Matt. Rocky's a Dog.
My 13 year old son and his Golden retriever Sam did their first agility class yesterday. Wow! Sam was thrilled ... Sam was so into it. The trainer Missy, told my son that Sam could be titled in less then ayear.

Why do you think this is important?
FWIW, while it is certainly possible for a dog and handler team to have quick success and go from first training class to first title in a short period of time, it is not really a good idea to set up ones goals with rigid timelines, especially when the handler is a junior - too much pressure on young handlers can make them resent the sport. Far better to proceed slowly, letting the dog and handler both learn at their own pace, with "success" being found in small increments as they learn to work together as a team. Titles and ribbons are fun but should not be the focus of the handler (or handler's parents!) because nothing drains the fun out of a sport like this as much as setting yourself up for failure.
She believes as we do,that Sam loves this new "job", but I'm a bit worried that it's so expensive. Can anyone please share what to expect with a kid taking these classeswith adults? Am I going to go broke?[/nq]Not really possible to give an "estimate" but be aware that costs are ongoing, and it isn't a cheap sport. Training classes continue pretty much throughout the "career" of the team, and aren't the only costs - trials cost anywhere from $8 to $20 a run, 4 to 12 runs average per weekend, so you're looking at $60-100 for a weekend, depending on what venue and how many runs you enter. Some venues offer junior classes and some even a junior discount, though, and many trials offer discounted entries or vouchers for future entries if you work at the trial.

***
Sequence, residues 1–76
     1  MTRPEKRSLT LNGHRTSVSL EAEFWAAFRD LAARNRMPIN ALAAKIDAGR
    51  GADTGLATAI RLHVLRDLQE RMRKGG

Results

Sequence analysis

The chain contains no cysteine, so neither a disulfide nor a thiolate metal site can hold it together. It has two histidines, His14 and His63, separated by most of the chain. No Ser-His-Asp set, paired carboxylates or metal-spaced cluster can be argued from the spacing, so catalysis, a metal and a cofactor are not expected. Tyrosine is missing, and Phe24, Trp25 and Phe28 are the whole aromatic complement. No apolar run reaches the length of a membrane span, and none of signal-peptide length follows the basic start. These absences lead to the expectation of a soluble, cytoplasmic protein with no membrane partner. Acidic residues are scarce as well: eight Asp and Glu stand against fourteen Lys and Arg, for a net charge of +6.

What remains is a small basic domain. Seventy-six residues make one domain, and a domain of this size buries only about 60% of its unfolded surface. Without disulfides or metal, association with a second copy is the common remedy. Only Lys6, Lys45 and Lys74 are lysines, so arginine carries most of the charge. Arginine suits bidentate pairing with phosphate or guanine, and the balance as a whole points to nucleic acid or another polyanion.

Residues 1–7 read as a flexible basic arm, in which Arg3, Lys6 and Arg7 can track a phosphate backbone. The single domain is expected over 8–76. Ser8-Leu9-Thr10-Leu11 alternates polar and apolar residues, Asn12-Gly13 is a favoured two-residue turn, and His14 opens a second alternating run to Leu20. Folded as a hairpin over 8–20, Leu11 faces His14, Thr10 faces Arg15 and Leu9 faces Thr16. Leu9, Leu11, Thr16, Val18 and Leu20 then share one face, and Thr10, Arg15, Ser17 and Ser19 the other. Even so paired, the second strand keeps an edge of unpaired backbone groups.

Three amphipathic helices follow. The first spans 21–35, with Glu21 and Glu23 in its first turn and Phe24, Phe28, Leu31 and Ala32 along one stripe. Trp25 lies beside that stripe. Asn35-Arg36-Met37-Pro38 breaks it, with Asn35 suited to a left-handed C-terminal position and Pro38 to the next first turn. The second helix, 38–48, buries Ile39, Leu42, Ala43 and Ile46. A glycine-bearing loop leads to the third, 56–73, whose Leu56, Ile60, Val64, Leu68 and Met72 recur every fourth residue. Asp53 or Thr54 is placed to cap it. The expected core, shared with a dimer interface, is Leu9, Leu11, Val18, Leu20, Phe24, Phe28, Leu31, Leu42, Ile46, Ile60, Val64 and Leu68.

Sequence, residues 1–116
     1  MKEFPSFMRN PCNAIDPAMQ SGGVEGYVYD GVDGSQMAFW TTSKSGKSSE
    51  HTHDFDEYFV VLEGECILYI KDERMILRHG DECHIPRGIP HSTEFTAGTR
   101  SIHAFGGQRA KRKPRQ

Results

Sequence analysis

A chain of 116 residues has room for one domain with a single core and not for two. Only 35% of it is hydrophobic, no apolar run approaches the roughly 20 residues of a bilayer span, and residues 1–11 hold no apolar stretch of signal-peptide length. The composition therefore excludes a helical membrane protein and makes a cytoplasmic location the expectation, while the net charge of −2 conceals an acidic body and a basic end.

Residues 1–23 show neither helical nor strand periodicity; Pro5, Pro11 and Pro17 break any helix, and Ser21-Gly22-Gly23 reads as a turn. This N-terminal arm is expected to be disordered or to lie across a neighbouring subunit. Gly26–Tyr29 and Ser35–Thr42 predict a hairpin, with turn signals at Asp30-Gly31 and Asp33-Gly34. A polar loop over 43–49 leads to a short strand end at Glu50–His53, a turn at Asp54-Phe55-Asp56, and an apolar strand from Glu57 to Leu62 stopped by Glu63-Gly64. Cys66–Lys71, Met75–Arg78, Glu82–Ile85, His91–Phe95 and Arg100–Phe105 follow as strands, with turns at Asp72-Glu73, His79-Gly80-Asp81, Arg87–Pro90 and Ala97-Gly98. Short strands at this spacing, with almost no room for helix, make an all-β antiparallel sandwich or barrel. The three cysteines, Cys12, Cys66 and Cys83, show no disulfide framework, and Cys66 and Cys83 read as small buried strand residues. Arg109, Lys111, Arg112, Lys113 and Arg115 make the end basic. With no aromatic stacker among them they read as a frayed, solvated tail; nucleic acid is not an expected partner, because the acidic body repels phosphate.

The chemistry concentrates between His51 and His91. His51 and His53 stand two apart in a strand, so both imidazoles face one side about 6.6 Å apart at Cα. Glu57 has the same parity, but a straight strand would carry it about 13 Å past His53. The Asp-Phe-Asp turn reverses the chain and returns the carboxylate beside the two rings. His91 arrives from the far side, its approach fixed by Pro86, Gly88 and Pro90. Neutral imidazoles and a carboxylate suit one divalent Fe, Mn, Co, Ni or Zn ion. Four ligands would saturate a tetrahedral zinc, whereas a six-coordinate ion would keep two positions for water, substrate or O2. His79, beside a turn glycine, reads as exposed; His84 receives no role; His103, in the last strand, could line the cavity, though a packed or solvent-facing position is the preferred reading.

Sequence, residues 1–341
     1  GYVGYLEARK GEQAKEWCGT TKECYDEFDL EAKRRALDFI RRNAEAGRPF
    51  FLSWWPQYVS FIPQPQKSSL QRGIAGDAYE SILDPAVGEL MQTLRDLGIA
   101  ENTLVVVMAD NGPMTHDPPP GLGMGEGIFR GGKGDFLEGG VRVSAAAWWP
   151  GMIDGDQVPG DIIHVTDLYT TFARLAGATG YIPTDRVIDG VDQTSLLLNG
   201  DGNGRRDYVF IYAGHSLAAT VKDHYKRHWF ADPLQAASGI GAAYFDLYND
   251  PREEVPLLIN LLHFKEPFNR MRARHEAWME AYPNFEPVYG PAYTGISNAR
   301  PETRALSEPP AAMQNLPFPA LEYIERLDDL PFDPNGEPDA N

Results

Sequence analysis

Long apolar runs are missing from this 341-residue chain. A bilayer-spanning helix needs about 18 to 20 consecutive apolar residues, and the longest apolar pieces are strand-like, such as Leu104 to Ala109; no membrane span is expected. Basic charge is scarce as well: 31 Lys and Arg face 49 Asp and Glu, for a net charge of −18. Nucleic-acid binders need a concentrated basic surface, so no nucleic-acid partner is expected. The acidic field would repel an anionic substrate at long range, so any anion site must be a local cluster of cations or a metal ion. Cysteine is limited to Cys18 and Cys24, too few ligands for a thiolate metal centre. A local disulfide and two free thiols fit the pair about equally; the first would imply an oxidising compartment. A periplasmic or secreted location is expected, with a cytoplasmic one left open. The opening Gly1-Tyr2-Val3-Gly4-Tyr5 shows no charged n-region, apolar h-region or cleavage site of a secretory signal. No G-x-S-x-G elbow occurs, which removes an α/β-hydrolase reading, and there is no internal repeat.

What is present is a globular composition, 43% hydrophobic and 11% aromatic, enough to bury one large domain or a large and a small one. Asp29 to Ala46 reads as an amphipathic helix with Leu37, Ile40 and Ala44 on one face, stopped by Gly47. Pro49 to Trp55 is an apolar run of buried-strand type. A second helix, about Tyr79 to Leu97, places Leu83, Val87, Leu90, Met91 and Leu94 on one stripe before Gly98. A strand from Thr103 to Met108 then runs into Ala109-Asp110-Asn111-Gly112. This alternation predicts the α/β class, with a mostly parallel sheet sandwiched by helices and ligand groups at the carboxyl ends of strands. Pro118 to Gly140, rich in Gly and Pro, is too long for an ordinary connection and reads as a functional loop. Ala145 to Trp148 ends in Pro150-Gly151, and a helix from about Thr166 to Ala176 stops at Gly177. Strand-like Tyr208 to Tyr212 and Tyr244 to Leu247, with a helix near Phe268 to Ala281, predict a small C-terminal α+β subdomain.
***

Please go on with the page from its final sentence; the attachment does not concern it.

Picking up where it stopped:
You'll also end up spending money on equipment for home use, though if you're handy you can build quite a lot and keep costs down, and gear for trials (shade tents and cloth, chairs, crate or ex-pen, cooler, tarp etc.) will add up though once it is bought you don't have to spend that money again for a while.
So, yes, you might go broke, but it is worth it if your son and dog are really getting the benefit of it.
A more sensitive question is my son has a weight problem,will this adversely affect his dogs agility scores?

See the first part of my response regarding focus. Scores and ribbons and such aren't true measures of success. Many of the best agility runs I've had, and many more that I've witnessed, were runs that were not ultimately "qualifying" (did not count towards a title.)
As for weight, there are handlers of all shapes and sizes. There is no reason he can't succeed even if he isn't a fast handler, but agility may give him motivation to lose weight and be more active so he can keep up with his dog!
(Don't tell him to diet, he's trying)
thanks! Oh by the way,That PW owes my kid a 100.00 Sam has never in any way been abused. He housetrained by way of praiseonly, and has never been anything except a good boy.(the dog) ok, the kid too!

Ignore, ignore, ignore. Emotion: smile
Christy
Having said that- there are PLENTY of overweight handlers out there whodo just fine. There are also people with other ... runs fast Shelties, and isn't much of a sprinteranymore, so he works at having his dogs responsive at a distance.

There is a woman who I see at many agility trials around here who we have all agreed is an inspiration to the rest of us. She walks the course with a crutch. When she runs the course with her dog, she goes without the crutch. She walks in a 45 degree bent position, quite often with one hand on a thigh. She runs a very excited bearded collie who does a lot of spinning. In spite of that, she is in Open at AKC.